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Public Health Column for the Times-News

Essential support for breastfeeding moms

Published: Wednesday, August 3, 2016

By KIM HORTON
Health Department columnist

Kelly always knew she wanted to breastfeed her baby, but after Jack was born, she began questioning herself. Breastfeeding seemed harder than she had imagined, and she wondered if her new little boy was getting enough nutrients. When she tried breastfeeding Jack in a restaurant, several people stared at her even though she was covered. She still hasn't figured out how to return to work and continue to breastfeed Jack. With no family close by, Kelly feels isolated and wonders where to turn to for help.

Kelly's concerns are not unusual. One of the first decisions a new mom makes is whether or not to breastfeed. It's a personal choice, but one that can benefit both mother and child. Just the experience of breastfeeding is special for a new mother because of the closeness and bonding with her baby.

In addition, breastfeeding can help with healing following childbirth. Long-term, it can lead to a lower risk of Type 2 diabetes, certain types of breast cancer and ovarian cancer in mothers.

For baby, the breast milk has cells, hormones and antibodies to protect from illness, and the protection is unique and changes to meet the baby's needs. Research suggests that breastfed babies have lower risks of asthma, childhood obesity, ear infections, eczema, diarrhea, vomiting and sudden infant death syndrome.

But even with all these health benefits, new moms who don't have proper support and education about breast-feeding can feel anxious, which leads to a greater likelihood that they will stop nursing. In fact, there is a sharp decline in breastfeeding rates in the weeks or months after delivery, even when a mother gets off to a good start.

An essential element for sustained breastfeeding is a community support system that encourages the breastfeeding mom. The traditional way has been through family support as mothers, grandmothers and even friends and neighbors have passed down their own hands-on experience. But as society has changed, so has that support circle. Families have branched out and moved away from their familiar supports.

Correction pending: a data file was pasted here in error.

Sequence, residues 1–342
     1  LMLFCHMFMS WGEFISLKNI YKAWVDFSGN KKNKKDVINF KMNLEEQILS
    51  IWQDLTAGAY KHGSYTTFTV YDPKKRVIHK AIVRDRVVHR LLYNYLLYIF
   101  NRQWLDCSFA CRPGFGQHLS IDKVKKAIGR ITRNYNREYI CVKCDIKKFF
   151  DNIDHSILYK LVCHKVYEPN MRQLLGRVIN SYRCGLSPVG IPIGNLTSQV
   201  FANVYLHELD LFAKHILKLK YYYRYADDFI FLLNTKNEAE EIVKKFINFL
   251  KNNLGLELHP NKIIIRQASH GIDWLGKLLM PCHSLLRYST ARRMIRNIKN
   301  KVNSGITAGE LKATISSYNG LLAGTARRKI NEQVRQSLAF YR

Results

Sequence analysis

Fortunately in Henderson County, breastfeeding moms can find such support through the Breastfeeding Peer Counselor Program, which is part of the Nutrition Services Division at the Department of Public Health. New mothers who enroll receive help and answers to their questions about breastfeeding from experienced moms.

"We know that women are drawn to other women with whom they share life experiences, especially when those experiences involve parenting," said Lori Bradley who is a Certified Breastfeeding Consultant. "A peer counselor is invaluable for helping a new mother gain confidence in her ability to breastfeed."

This mother-to-mother support has proved to be one of the most successful approaches for encouraging mothers to breastfeed their babies. It's a worthy program to recognize during World Breastfeeding Week, a yearly celebration that highlights the breastfeeding efforts of mothers in their communities in more than 174 countries. Participants protect, promote and support the benefits of breastfeeding to the public. For example:

  • Breastfeeding saves lives. Recent research shows that if 90 percent of families breastfed exclusively for 6 months, nearly 1,000 deaths among infants could be prevented.
  • Breastfeeding saves money. Medical care costs are lower for fully breastfed infants than never-breastfed infants. Breastfed infants usually need fewer sick care visits, prescriptions and hospitalizations. Breastfeeding also means food security for infants.
  • Breastfeeding also helps make a more productive workforce. Mothers who breastfeed miss less work to care for sick infants than mothers who feed their infants formula. But it can be challenging for a mom to work and breastfeed. Employers can be supportive by providing designated lactation rooms and breastfeeding breaks.
  • Breastfeeding is better for the environment. Formula cans and bottle supplies create more trash and plastic waste. Breast milk is a renewable resource that comes packaged and warmed.

The mother who chooses to breastfeed is investing in her baby's future. The breast milk is truly the perfect food that only a mother can produce that protects and gives her baby a healthy start that will last a lifetime. What a guarantee!

For more information about the Peer-to-Peer Breastfeeding Program, contact the Breastfeeding Program Manager Lori Bradley at 828-694-6028, or call a Breastfeeding Peer Counselor:

  • Tammie Bogin at 828-694-6030 (English)
  • Jocelyn Chavez at 828-694-6031 (Spanish)

To learn more about the Women, Infants, and Children Program, visit the health department's website hendersoncountync.org/health and select the Nutrition Services link.


Kimberly Horton is the communications manager at the Henderson County Department of Public Health. She can be reached at khorton@hendersoncountync.org.

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Department of Public Health • 1200 Spartanburg Highway, Suite 100 • Hendersonville, NC 28792 • (828) 692-4223